Just another shameless article aimed at pushing the product rather than the sensible strategy.


snikmij 25 May 2012 , 3:19pm

Doesn't it depend on what value the assets are at time of retirement?

Did some reading on the Mark to Market valuation which I found intriguing. If assets are priced at certain dates then forecasting can be tricky depending on certain variables used.

The other way is to invest in companies that have products that at least keep up to date with inflation, such as utilities, food growers/suppliers.

Admittedly one has to hope there still be around in the years to come but there's at least a good possibility that they will.

ArkWelder 25 May 2012 , 4:38pm


Annuity rates might not be at their best now, but will they still be that way in 18 years time? There are also fixed-term and enhanced annuities to consider. And as coleyfish is suggesting, drawdown options are available as alternatives to annuities. Worth keeping in mind before making a final decision.

Is self-employment via a Ltd Co.? if so, then employer and employee national insurance deductions can be reduced if the company pays into the pension fund for you.

MDW1954 26 May 2012 , 12:15pm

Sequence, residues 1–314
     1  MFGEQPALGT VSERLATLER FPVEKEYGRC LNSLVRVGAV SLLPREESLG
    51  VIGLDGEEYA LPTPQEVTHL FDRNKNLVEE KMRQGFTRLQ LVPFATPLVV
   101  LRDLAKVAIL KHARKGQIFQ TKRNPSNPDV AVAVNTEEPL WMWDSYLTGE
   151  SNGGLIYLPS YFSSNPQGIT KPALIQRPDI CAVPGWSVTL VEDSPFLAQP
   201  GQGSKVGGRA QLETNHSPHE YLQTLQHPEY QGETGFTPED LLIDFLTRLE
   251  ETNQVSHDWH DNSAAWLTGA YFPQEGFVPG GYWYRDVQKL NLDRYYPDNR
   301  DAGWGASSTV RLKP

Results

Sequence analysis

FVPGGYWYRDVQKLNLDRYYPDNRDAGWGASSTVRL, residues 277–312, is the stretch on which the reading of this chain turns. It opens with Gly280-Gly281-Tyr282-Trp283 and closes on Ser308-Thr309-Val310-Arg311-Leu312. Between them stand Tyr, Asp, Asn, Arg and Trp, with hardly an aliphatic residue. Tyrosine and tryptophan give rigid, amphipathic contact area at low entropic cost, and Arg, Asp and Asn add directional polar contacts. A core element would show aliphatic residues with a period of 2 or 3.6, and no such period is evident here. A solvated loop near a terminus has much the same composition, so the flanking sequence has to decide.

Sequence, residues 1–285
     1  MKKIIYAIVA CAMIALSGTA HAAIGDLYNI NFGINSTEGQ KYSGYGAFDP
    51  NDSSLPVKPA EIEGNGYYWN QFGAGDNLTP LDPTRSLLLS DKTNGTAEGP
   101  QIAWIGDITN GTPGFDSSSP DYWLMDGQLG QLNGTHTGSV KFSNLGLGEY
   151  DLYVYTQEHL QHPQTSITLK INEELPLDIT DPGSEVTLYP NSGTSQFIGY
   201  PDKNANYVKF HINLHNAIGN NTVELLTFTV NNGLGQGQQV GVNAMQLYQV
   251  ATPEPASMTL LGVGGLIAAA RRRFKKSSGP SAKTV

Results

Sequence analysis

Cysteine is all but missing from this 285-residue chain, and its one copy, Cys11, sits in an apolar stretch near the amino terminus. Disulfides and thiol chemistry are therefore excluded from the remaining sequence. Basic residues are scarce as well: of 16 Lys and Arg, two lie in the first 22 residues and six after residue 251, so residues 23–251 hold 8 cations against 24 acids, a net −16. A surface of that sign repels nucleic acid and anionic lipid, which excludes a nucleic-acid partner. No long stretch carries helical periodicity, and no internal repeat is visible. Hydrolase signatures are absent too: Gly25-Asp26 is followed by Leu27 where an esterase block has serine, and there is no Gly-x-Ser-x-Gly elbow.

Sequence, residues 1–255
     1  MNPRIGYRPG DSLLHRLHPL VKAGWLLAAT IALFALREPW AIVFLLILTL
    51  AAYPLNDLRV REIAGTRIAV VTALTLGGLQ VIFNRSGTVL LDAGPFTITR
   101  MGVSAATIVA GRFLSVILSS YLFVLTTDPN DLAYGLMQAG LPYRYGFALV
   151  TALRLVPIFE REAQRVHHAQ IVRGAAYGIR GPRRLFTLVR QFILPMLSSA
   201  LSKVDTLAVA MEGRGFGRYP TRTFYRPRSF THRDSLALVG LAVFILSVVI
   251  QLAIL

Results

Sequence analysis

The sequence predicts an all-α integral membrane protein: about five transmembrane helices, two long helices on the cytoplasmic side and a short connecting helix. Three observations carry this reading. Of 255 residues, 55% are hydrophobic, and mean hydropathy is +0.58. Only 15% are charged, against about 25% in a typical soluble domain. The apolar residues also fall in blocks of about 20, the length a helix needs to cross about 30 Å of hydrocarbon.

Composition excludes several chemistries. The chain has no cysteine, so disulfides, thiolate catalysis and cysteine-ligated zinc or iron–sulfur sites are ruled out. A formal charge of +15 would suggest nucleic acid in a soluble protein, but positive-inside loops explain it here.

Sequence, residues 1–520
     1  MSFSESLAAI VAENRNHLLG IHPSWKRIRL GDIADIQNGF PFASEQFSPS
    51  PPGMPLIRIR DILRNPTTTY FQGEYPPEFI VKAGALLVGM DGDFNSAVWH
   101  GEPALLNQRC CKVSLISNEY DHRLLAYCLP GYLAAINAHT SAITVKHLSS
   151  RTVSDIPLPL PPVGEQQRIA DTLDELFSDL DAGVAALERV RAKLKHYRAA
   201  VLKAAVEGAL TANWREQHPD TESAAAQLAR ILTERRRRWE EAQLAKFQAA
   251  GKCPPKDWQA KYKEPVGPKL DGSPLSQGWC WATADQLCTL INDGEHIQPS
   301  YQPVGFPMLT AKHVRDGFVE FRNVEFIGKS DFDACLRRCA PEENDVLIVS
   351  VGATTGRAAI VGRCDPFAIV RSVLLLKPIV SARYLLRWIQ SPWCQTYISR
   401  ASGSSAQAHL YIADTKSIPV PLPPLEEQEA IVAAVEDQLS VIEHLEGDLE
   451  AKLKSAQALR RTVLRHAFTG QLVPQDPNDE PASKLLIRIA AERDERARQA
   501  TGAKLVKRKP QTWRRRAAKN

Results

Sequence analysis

Hello Coleyfish,

If you read what I wrote in the comment, instead of what you think I wrote, you'll see that I wasn't promoting SW products at all!

As for encouraging people to read TMF's FREE reports, what's wrong with that? What have they got to lose, except maybe the time -- ten minutes or so -- invested in reading them?

I'm sorry you find that "shameless".

Foolish regards,

Malcolm (author)

RobinnBanks 03 Jun 2012 , 12:03am

Doctors are strking because they will only get £50k pension and a £100k lump sum if the changes are imposed; but they will still expect their bin emptied by someone earning half this for a year's full-time work, who will retire on £140 a week, or £7280 p.a. Most people do not save enough into a pension because they cannot afford to!
Bankers and some company directors get more in a year than the average person earns in a lifetime. Footballers, film, tv and popstars are rolling in cash for playing games; while politicians screw as much out of us as possible in expenses. It's time it was stopped, but who will stop it? Not the politicians, nor any of these other grossly overpaid people. Inequality rules in the UK!

RobinnBanks 03 Jun 2012 , 2:46pm

I forgot the Lawyers, Barristers, Judges all on colossal pay, so that normal people dare not take a case to court because ot the £millions of costs, damages etc. So, only the rich get justice, or win, as the case may be.